(Roughly) Daily

The Joys of Knowing History, Illustrated…


from “Krazy Kat and Ignatz Mouse at the Circus” (click here to view)

Animated drawings were introduced to film a full decade after George Méliès had demonstrated in 1896 that objects could be set in motion through single-frame exposures. J. Stuart Blackton’s 1906 animated chalk experiment Humorous Phases of Funny Faces was followed by the imaginative works of Winsor McCay, who made between four thousand and ten thousand separate line drawings for each of his three one-reel films released between 1911 and 1914. Only in the half-dozen years after 1914, with the technical simplifications (and patent wars) involving tracing, printing, and celluloid sheets, did animated cartoons become a thriving commercial enterprise. This period–upon which this collection concentrates–brought assembly-line standardization but also some surprisingly surreal wit to American animation. The twenty-one films (and two Winsor McCay fragments) in this collection, all from the Library of Congress holdings, include clay, puppet, and cut-out animation as well as pen drawings. Beyond their artistic interest, these tiny, often satiric, films tell much about the social fabric of World War I-era America.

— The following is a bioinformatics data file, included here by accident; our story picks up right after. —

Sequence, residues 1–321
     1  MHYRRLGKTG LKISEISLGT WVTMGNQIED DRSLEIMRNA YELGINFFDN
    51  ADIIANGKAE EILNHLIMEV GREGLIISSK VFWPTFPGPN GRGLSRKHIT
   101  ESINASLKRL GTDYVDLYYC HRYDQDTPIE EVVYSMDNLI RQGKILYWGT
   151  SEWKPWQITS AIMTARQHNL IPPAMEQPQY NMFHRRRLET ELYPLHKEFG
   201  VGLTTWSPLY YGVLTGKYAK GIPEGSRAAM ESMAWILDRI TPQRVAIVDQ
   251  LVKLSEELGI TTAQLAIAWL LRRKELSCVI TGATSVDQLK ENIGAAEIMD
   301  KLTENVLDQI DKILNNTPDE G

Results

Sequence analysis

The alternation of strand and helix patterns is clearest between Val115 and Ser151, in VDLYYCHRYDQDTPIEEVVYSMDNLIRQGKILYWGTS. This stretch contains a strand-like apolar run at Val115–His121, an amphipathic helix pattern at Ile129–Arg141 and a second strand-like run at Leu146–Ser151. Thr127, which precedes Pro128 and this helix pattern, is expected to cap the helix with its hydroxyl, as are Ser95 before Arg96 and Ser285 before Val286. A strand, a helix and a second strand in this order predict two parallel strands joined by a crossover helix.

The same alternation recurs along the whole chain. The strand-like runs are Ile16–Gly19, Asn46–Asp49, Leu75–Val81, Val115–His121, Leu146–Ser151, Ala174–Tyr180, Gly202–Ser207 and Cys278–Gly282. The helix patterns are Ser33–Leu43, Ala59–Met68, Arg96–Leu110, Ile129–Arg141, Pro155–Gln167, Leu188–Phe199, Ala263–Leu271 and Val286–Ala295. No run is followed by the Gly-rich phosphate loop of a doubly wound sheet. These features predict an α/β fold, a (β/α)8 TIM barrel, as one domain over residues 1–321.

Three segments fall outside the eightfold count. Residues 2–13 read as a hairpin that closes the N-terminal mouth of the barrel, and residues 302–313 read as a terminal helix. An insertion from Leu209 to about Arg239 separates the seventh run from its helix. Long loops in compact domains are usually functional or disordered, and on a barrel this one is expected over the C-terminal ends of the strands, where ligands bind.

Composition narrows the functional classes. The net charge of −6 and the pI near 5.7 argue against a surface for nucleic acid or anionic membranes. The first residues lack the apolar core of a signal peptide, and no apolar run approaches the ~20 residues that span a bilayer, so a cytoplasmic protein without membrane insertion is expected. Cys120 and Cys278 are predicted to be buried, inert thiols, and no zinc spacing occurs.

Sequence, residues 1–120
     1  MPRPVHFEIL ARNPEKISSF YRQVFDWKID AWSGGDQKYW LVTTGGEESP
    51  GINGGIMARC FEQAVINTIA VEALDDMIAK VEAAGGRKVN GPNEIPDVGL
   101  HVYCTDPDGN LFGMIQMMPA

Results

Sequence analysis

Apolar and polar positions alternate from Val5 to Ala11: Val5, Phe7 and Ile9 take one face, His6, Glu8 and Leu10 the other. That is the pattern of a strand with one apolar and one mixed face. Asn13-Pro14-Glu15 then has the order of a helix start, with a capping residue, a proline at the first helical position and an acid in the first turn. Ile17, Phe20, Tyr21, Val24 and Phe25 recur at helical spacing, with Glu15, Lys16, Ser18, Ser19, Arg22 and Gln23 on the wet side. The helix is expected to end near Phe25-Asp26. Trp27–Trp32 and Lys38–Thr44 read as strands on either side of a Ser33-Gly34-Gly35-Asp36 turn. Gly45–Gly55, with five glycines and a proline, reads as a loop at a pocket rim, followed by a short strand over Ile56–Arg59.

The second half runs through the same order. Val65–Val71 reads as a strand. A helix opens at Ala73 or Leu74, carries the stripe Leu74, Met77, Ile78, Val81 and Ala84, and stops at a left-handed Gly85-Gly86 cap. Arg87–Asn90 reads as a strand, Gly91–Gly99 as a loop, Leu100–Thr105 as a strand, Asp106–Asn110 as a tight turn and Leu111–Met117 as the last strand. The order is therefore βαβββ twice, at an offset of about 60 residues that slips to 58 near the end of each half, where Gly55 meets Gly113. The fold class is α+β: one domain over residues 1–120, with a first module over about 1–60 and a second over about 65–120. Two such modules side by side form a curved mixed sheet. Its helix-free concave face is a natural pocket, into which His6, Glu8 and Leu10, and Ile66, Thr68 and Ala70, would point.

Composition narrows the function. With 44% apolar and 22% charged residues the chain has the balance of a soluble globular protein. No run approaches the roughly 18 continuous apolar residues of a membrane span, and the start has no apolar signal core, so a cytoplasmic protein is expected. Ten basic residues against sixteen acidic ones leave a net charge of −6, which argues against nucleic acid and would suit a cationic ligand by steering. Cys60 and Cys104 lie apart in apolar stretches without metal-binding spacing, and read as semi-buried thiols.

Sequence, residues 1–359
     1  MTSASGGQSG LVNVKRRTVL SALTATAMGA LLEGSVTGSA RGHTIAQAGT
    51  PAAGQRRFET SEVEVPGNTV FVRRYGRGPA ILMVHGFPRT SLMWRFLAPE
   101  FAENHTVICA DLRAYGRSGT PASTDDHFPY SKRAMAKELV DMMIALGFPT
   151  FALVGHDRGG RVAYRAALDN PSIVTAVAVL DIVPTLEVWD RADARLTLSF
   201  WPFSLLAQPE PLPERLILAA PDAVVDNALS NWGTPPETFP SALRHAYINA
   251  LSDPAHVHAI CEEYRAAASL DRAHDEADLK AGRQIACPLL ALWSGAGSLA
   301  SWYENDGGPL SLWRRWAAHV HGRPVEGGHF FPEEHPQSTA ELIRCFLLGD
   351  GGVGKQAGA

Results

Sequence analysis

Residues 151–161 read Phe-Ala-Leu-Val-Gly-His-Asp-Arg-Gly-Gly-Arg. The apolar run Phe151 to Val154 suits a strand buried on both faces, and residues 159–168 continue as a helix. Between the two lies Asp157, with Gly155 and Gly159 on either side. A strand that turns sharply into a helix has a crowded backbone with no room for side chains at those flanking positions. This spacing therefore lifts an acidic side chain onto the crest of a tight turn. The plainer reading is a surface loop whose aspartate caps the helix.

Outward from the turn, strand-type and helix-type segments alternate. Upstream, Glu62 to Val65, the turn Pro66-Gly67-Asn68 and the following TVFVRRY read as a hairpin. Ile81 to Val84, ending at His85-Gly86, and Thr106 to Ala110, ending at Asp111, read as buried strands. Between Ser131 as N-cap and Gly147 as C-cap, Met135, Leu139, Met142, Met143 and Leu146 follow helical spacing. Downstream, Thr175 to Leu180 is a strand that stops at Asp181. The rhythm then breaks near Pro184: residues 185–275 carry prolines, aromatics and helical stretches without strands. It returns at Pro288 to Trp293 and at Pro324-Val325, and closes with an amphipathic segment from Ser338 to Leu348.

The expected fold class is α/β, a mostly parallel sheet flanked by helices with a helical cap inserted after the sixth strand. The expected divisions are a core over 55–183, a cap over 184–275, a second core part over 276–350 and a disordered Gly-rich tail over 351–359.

See these and other important– and enormously entertaining– animated films from 1900-1921 at the Library of Congress’ “Origins of American Animation“– Krazy Kat, Keeping Up With the Joneses, The Katzenjammer Kids, and more than a dozen other joys (that don’t start with “K”).


As we debate whether Windsor McCay or George Herriman was the greater genius, we might recall that it was on this date in 1938 that Mary Mallon– “Typhoid Mary”– died of a stroke on North Brother Island, where she he had been quarantined since 1915.  She was the first person in the United States identified as an asymptomatic carrier of the pathogen associated with typhoid fever… before which, she inadvertently spread typhus for years while working as a cook in the New York area.




Written by (Roughly) Daily

November 11, 2011 at 1:01 am

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